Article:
Wednesday, 19 January 2011

Okay, start again...

We often get the advice to power through, not give up and various other words to the same effect. We often think these things to ourselves as well, of course and this is very true of our miniatures. This one is relevant to both painting and sculpting.

During our work we often discover that we've done something wrong or something stupid and we try to fix it. There's that bloody minded way that we will work through the problem and somehow compensate or fix it further down the line. These mistakes can be many and varied in their content but a lot of them transpire very early in the process. Maybe your armature wasn't quite right or you picked initial colours on your figure that will make it difficult to get the result you want. You can usually minimise the mistake's impact in one way or another but it tends to be a lot of annoying work and we will often spend a huge amount of time on the fixing. The five hour paint job becomes a twelve hour paintjob or you spend thirty hours on a twelve hour sculpt... and the final result is still compromised by that early mistake. This is not constructive and you're fighting against that logical piece of thought that has been nagging. Start again.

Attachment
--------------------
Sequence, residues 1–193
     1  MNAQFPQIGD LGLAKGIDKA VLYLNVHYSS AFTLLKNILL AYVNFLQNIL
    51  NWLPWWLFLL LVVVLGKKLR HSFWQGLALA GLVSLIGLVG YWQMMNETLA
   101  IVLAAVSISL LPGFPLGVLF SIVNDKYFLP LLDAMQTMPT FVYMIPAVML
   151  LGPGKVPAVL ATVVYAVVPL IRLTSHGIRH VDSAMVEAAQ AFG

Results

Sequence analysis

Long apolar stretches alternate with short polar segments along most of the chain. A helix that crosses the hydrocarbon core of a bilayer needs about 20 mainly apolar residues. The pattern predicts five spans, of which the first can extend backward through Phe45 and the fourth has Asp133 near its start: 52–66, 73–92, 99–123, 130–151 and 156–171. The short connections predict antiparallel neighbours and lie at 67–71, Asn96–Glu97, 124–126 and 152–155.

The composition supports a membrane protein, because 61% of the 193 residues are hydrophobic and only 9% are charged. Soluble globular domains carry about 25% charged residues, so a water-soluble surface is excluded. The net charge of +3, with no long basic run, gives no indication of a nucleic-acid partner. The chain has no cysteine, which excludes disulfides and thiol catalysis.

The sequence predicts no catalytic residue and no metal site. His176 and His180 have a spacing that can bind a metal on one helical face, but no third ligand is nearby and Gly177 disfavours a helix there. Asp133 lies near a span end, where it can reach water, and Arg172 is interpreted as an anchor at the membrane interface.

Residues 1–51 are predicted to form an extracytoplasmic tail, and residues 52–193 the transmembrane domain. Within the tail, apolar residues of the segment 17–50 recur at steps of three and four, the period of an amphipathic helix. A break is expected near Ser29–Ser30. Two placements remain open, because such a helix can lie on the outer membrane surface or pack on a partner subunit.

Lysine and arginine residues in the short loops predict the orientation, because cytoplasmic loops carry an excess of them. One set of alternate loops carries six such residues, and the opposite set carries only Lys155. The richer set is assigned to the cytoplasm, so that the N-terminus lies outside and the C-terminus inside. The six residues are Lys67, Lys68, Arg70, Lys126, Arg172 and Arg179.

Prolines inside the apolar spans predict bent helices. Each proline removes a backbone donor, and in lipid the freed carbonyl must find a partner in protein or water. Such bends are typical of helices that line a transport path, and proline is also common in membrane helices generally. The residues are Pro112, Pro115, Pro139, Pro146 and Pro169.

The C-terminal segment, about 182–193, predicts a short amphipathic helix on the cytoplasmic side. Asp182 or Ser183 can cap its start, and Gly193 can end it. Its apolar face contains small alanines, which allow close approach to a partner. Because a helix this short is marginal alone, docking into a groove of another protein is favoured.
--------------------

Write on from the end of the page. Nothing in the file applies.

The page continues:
But we don't want to start again. It means going back over the same ground and, worse than that, we feel like we've failed or we're stupid. So we work extra time for an inferior result. Well, you know what? Learn to recognise when you're going to spend a huge amount of time fixing an only partially fixable problem and then suck it up. And throw the work away. Strip the mini or start the sculpt over (in the case of the sculpt keep the original as reference for what you did wrong and what you did right).

It's okay to just say 'screw it' and start over. I have done this today and I feel good about it. I spent around twelve hours on a major sculpt over the weekend and I'd made an error on it within the first ten minutes. It's not an error that would make the figure wrong but the end result would have been short of it's potential and that's not what I wanted from the sculpt. So I started over and I've learned. And the next version will be better.

1 comment:

  1. This is such great advice, and not just for painting and sculpting. The idea of starting over is painful, like admitting failure... but it's really important to know when to admit a mistake and begin again.

    Thanks for the reminder!